They’ve had petitions circulated to prevent them from performing in places as wide-ranging as the countries of Australia and the United Kingdom to an NFL halftime show in Detroit. Figures no less prominent than former President Barack Obama and Facebook founder Mark Zuckerberg have jokingly dissed them. And they are often mentioned in the same breath as other negatively-associated bands such as Limp Bizkit, Creed and Candlebox. And yet, Nickelback, unlike most others, have continued to enjoy astronomical sales and may just be one the most inexplicable conundrums in all of the music business.
The Canadian quartet are Billboard’s top performing duo/group of the 2000s decade and, according to Nielsen Music, have sold 24.1 million albums and earned 1.1 billion streams of its songs in the United States to date. But despite a diamond certification for their album All the Right Reasons, and the single “How You Remind Me” topping Billboard‘s decade-end Rock Songs chart, Nickelback remains an almost reflexive punchline for reasons which most cannot explain.
With that kind of baggage, who in their right mind would sign Nickelback?
“Of course we knew what they’re reputation was,” says Zach Katz, president of repertoire and marketing at BMG U.S., which in January signed Nickelback to a global record deal, “But we were absolutely amazed by how legit, how focused, how forward-thinking and how internationally liked this band is.” Last week, BMG released Nickelback’s ninth studio album, Feed the Machine, which is heading for a top ten spot on this weekend’s Billboard 200 with roughly 45,000 albums sold which, depending on this week’s competition, could be enough for the record to break into the top five.
“The album, in my opinion, is actually very good,” Katz says. “If you see the reviews even on iTunes it got 4.5 stars, and this is an artist that’s supposedly hated. iTunes would have been the perfect place for people to sh-t on it, so to speak. They put together a very, very good body of music here. We’re happy with this start and we think it’s great.”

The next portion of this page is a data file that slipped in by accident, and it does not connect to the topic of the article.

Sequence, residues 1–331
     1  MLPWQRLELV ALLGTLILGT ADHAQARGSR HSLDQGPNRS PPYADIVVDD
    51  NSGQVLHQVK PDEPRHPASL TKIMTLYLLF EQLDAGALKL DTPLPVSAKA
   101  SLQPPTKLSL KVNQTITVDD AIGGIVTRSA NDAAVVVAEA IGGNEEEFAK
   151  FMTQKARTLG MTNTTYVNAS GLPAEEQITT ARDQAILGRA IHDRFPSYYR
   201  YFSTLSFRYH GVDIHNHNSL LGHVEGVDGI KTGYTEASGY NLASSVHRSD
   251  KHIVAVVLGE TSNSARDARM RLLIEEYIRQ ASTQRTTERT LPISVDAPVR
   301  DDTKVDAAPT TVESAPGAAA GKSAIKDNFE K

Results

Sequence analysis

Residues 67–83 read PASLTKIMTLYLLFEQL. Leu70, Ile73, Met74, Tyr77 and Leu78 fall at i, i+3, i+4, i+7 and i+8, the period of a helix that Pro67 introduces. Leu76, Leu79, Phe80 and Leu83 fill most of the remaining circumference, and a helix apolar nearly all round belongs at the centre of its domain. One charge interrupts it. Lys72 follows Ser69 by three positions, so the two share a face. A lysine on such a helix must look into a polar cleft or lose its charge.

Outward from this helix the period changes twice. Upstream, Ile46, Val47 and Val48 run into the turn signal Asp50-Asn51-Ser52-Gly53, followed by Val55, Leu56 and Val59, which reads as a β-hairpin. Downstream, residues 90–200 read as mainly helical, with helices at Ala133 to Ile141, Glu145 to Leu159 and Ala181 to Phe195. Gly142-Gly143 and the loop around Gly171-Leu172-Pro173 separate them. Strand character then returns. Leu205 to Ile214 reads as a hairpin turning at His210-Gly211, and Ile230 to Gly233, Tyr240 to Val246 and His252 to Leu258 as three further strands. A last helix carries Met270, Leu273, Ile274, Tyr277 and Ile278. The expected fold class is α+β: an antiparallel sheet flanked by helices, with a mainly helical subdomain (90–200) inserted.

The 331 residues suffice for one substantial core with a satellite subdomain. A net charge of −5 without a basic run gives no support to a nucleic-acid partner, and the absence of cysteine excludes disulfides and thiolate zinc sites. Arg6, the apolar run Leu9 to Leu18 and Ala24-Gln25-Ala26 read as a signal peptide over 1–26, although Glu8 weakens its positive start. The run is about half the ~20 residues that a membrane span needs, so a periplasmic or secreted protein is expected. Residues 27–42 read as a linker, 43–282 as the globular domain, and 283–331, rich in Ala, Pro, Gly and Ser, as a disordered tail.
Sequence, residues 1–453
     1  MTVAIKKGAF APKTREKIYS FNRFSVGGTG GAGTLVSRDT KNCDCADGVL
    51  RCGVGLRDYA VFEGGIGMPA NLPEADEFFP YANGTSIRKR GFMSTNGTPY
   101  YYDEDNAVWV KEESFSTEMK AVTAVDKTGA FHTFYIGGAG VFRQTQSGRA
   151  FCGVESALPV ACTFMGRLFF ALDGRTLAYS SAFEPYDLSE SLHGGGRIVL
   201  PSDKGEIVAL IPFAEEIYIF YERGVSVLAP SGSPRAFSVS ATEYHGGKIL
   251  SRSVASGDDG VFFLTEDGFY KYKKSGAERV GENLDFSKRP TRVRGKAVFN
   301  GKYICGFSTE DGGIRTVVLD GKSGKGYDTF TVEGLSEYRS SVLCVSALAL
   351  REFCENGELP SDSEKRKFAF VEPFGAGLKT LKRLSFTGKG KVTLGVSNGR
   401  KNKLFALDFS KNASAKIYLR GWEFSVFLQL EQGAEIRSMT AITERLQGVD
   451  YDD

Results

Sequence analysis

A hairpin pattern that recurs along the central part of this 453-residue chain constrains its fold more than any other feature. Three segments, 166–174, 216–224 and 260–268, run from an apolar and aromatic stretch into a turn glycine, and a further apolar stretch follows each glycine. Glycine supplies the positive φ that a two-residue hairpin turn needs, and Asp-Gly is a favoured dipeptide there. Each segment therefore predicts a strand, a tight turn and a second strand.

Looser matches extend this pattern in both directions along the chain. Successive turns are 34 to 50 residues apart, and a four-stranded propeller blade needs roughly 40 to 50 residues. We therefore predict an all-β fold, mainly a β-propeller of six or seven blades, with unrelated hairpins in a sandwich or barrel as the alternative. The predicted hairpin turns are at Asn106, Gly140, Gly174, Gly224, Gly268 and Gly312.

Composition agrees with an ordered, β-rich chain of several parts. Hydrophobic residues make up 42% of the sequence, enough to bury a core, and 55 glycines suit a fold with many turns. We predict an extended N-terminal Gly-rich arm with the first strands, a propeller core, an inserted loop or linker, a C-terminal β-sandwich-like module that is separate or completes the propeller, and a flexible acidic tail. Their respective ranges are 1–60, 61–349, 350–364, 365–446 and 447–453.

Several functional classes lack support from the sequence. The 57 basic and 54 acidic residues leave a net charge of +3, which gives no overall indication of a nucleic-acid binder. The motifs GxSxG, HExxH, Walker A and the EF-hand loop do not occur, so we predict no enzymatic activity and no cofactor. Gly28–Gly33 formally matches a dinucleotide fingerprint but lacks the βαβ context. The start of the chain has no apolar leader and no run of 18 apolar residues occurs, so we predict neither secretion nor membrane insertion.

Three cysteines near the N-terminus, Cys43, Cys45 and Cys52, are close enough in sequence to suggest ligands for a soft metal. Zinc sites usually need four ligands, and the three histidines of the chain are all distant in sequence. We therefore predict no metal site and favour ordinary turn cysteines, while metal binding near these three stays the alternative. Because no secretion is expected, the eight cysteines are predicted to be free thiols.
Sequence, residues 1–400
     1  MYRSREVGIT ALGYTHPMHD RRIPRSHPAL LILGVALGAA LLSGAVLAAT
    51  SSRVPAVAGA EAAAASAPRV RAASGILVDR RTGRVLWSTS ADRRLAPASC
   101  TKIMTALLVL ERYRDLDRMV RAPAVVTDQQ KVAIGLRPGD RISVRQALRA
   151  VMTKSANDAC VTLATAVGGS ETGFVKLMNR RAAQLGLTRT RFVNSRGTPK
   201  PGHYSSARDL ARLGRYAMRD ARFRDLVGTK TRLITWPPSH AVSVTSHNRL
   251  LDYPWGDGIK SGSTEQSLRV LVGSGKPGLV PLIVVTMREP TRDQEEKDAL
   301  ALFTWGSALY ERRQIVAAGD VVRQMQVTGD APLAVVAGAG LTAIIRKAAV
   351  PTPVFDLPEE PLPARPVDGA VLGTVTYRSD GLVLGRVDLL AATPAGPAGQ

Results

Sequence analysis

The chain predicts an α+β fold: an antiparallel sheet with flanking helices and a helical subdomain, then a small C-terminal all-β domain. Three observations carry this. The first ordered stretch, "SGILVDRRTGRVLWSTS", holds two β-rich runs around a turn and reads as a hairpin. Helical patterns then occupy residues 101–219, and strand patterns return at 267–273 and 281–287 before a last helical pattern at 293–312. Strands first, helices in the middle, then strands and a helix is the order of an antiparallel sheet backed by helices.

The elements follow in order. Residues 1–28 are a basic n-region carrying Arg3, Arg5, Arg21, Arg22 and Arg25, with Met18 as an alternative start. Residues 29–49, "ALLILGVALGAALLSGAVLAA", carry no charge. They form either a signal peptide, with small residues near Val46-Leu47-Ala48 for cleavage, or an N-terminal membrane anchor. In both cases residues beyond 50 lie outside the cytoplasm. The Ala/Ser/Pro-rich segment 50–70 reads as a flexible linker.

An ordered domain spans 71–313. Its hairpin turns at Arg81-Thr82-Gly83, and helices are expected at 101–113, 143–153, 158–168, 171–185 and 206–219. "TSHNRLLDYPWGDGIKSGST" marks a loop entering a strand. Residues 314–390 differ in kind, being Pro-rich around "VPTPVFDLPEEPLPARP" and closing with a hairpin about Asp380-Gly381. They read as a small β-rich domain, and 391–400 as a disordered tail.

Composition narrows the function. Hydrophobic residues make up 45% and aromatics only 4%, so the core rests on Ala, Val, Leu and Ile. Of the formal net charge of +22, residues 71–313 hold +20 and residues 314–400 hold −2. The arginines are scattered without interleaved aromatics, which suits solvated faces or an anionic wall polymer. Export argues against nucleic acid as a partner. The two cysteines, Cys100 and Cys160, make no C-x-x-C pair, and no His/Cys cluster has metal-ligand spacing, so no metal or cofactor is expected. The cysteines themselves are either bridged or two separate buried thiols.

BMG, the music arm of Germany’s Bertelsmann Corporation, initially focused on publishing and neighboring rights since its return to music sphere in 2008 shortly after its split with Sony (when it kept some 200 recorded masters). Katz says the company spent about a “billion-and-a-half euros” (about $1.68 billion in today’s currency) in its first three years on a number of major publishing catalogs, which now includes Cherry Lane Music, Bug Music, Chrysalis Music, Trojan and Famous Music UK, among others. BMG now has the world’s fourth-largest publishing catalog.
But in more recent years, BMG has turned its attention to recorded music and is slowly but steadily acquiring and building its recorded roster and market share, much as it has in publishing. In Bertelsmann’s 2016 earnings report, revenues for BMG rose 12.2 percent to 416 million euros ($451 million) for which both publishing and recorded music were cited as drivers and of course streaming’s rise.
“When I first got to BMG three years ago, it was really just them purchasing Vagrant and us coming in and working with the BMG team that was there,” says Jon Cohen of Vagrant Records (PJ Harvey, Black Rebel Motorcycle Club, The Hold Steady) and current executive vp recorded music for BMG U.S. “Where we might have started in my first year with maybe 35 to 40 releases, you’re now looking at 80 to 90 releases a year.”
Cohen says a big part of BMG’s surge, much like its publishing expansion, is due to acquisitions. Since obtaining Vagrant, the growing label group nabbed Steve Greenberg’s S-Curve Records (Andy Grammer, AJR and Elise Legrow, as well as previous records by Joss Stone, Tom Jones and Duran Duran) and purchased Craig Ericson’s Oregon-based hard rock label Rise Records (At The Drive-In, PVRIS, The Devil Wears Prada, Of Mice & Men) in 2015. Earlier this year, BMG made a massive country music play with its acquisition of Broken Bow Records Music Group headed by John Loba, whose roster includes Jason Aldean and Dustin Lynch (Broken Bow), Randy Houser (Stony Creek), Joe Nichols (Red Bow) and Trace Adkins (Wheelhouse), among others, for what was reported to be over a $100 million.
“From an A&R diversity perspective to a marketing capacity, we’re very well covered at this particular point,” Katz says about BMG’s label holdings. Yet the particular niche the label has found is different from most in that some of their best-selling artists are veterans not necessarily looking to break through on the back of pop hits.